Is Canada's Supply Management System Able to Accommodate the Growth of Farm-direct Marketing?
A Policy Analysis
Keywords:Farm-Direct Marketing, Food Systems, Local Food, Short Supply Chains, Supply Management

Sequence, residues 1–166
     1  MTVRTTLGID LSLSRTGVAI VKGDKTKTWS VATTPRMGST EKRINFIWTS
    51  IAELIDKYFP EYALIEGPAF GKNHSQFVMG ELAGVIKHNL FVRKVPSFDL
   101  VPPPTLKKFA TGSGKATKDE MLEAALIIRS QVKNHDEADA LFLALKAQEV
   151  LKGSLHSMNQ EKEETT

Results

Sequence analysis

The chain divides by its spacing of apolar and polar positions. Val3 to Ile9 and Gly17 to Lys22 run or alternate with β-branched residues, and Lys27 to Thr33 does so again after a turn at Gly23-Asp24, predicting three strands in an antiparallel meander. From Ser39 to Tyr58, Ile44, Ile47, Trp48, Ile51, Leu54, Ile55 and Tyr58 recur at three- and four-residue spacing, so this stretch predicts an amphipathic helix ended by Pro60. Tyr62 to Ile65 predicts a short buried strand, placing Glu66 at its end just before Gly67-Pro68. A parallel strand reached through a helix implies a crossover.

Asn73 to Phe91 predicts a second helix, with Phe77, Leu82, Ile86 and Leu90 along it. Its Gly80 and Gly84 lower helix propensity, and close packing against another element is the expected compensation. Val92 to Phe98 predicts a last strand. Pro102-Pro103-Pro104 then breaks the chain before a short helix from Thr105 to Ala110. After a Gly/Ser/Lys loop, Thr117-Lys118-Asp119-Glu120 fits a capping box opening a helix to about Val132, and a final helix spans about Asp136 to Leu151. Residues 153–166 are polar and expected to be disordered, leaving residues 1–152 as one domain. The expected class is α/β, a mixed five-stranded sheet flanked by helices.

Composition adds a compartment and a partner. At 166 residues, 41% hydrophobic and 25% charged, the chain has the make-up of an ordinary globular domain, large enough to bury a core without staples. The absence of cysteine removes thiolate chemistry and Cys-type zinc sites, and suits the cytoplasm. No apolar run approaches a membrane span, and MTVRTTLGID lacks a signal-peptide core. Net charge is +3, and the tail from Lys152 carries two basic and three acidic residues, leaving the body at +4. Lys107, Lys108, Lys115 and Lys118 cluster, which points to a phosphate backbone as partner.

In recent years, Canada has witnessed a rapid growth in short food supply chains. As in other countries, such marketing channels have emerged in Canada in response to a growing demand among consumers for fresh, local products. However, a unique feature of Canadian agriculture is that dairy, egg, and poultry production are under supply management. The government requirement for producers in these sectors to purchase a quota ensures that output matches domestic demand. Until recently, though, little attention had been paid to how this system affects the development of short food supply chains in the country. The purpose of our study is to examine this emerging issue. The results of our policy analysis suggest that small farmers in Canada face multiple challenges when seeking to produce and market specialty products that are under supply management. Furthermore, the cost of entering supply-managed sectors for producers varies as each province is responsible for establishing its own quota exemption limits, minimum quotas, and new entrant programs. Our study indicates that supply management policies have important implications for local and regional food system development and for food diversity in Canada.
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